From Blandin Foundation’s recent assessment of the Blandin Community Broadband Program – the highlights from Chisago County…
Chisago County leveraged their participation in the Blandin Broadband Communities program for a wildly successful entry in Frontier Communications’ America’s Best Communities (ABC) competition. Over the course of the competition, the Chisago Lakes Area was awarded $150,000 to implement projects to promote their region. Many of the projects were born of the broadband steering committee’s visioning work. The team made it to the final round in the national competition, and their enthusiasm to work on the projects begun under the competition’s auspices has yet to wane.
Chisago County’s “Got Internet” survey yielded some striking results: of the 876 respondents, 35% said they would telecommute if they had better broadband; 45% would use it for schoolwork; 31% would open a business; and 94% would subscribe to better broadband if it was available. One respondent commented: “My son says he will never move back to Chisago County from college – not with the current broadband.” Another: “I am a realtor – people do not buy in this area because the broadband is not sufficient.”
Chisago County broadband advocates have used these results to inform the state-wide debate over public funding for un- and under-served rural communities. Steering Committee chair and HRA/EDA Director Nancy Hoffman used the survey results in testimony before the Governor’s Broadband Task Force and House and Senate committees.
Chisago’s BBC and ABC Competition activities leaned heavily toward leveraging the capacity of the Internet to market their area, including tourism, arts and culture. These efforts include the creation of an integrated, collaborative website where cities, attractions and other agencies can now list their events in a “no-wrong-door” portal to the region; support for the Old Hwy 61 Coalition, a group of businesses and community boosters which works to preserve and promote the old thoroughfare including through the use of GIS-enabled map applications, and through extensive promotion of utilizing Google Maps to promote area businesses.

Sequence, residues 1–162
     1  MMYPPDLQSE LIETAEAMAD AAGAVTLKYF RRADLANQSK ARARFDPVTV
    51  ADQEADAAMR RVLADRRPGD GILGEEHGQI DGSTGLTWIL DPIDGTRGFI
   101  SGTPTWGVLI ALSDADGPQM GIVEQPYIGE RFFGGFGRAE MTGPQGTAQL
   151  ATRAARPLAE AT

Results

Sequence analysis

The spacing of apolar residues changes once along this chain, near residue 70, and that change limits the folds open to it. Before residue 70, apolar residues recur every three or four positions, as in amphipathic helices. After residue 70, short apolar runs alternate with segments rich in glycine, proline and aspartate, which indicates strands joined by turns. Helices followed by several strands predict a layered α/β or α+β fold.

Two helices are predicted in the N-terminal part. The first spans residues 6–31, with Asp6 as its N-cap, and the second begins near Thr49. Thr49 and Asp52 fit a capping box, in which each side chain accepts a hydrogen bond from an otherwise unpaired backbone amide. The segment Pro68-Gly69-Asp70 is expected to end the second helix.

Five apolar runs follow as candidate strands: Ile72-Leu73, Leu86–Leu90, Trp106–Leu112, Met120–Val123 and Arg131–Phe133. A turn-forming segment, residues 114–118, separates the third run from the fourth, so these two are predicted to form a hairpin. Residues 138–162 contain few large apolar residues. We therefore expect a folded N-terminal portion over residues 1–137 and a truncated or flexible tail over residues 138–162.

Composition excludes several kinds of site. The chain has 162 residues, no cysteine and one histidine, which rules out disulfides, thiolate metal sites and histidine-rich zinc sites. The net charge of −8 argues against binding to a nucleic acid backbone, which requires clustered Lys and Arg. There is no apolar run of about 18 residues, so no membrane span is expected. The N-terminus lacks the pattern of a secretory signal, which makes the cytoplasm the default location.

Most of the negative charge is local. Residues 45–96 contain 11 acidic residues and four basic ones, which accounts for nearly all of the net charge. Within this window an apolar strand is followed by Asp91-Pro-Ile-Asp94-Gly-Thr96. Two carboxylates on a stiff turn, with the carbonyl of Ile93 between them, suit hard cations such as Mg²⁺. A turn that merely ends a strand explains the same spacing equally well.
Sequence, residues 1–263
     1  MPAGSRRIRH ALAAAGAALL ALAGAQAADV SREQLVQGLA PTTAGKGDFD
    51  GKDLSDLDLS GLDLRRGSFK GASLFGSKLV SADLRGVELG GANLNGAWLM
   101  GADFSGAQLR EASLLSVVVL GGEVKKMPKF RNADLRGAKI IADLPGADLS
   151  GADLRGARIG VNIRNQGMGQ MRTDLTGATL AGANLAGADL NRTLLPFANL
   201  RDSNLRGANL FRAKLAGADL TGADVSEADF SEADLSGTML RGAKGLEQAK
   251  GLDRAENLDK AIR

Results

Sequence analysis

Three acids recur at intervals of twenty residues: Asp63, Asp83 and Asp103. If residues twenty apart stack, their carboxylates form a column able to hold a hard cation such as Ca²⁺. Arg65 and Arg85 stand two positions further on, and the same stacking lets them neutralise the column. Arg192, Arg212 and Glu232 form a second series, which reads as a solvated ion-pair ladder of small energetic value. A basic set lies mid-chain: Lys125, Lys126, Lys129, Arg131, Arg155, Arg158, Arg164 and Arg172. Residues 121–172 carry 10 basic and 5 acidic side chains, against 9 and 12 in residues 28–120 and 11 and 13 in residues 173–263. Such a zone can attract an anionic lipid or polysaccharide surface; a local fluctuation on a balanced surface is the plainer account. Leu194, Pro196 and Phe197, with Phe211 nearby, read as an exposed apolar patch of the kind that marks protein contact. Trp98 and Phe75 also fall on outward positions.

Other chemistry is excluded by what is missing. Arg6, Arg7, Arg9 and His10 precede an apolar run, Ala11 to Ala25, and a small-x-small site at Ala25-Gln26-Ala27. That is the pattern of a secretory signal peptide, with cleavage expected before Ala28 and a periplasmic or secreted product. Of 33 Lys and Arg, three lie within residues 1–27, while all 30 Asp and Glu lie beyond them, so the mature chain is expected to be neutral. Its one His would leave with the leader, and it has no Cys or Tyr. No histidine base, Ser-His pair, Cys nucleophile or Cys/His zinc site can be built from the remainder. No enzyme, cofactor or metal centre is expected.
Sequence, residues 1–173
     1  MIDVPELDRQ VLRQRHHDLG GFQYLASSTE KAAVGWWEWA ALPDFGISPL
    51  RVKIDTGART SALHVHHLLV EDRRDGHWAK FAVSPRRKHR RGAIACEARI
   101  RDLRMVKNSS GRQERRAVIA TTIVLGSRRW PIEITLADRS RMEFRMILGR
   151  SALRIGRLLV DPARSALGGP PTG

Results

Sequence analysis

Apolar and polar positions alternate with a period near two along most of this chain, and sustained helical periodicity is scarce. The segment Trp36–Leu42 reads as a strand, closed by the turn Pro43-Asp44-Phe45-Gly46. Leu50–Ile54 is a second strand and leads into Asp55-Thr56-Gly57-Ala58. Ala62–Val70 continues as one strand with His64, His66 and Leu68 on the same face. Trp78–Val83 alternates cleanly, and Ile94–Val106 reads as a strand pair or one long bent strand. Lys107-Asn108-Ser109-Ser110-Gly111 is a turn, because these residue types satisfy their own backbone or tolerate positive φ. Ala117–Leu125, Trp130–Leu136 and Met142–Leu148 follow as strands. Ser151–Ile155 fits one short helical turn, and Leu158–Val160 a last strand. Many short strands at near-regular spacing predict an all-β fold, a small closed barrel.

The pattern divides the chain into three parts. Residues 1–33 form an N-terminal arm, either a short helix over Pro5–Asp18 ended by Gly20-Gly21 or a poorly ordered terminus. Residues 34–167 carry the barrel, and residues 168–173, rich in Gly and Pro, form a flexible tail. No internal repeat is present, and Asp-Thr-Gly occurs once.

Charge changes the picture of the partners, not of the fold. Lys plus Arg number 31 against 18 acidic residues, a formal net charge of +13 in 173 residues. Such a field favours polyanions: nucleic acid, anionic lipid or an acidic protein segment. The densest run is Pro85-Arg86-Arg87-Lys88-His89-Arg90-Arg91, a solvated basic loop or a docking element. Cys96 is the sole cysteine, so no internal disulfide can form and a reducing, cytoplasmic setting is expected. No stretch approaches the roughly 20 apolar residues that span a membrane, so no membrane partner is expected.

For a more recent look at Chisago County – check out the county profiles I did earlier this year.
From Blandin Foundation’s recent assessment of the Blandin Community Broadband Program – the highlights from Central Woodlands (east central Minnesota)…
The Central Woodlands is a self-identified “community of place” comprised of the northern portion of East Central Regional Development Commission’s service area. It includes northern Mille Lacs, Kanabec and Pine Counties, and southern Aitkin County. This region is very rural, has high rates of unemployment, low incomes (75% live in poverty), and a large percentage of older adults. Thus, many of their projects focused on older adults.
Someday Isle is a nonprofit shop and community economic development center on Isle’s main street, where local artists sell their wares. Someday Isle also hosts public access computers for people to use and offers training in using technology for small business and marketing. One local artist, Art Carr, reported an increase in sales by 400% after creating a Facebook page for his art.
The Central Woodlands Steering Team also prioritized partnering with township boards on broadband access. The Central Woodlands Inventory and Assessment project was designed to help townships move forward on broadband projects. For example, in Wilma Township in eastern Pine County, a retired resident leveraged $3000 in grant money for equipment to install new Wi-Fi technology to bring wireless internet to the town hall. According to project coordinator Penny Simonsen of East Central RDC, “Do not underestimate the power of a local stakeholder to influence the success of a project. Wilma Township is an excellent example of this, in a very positive way.”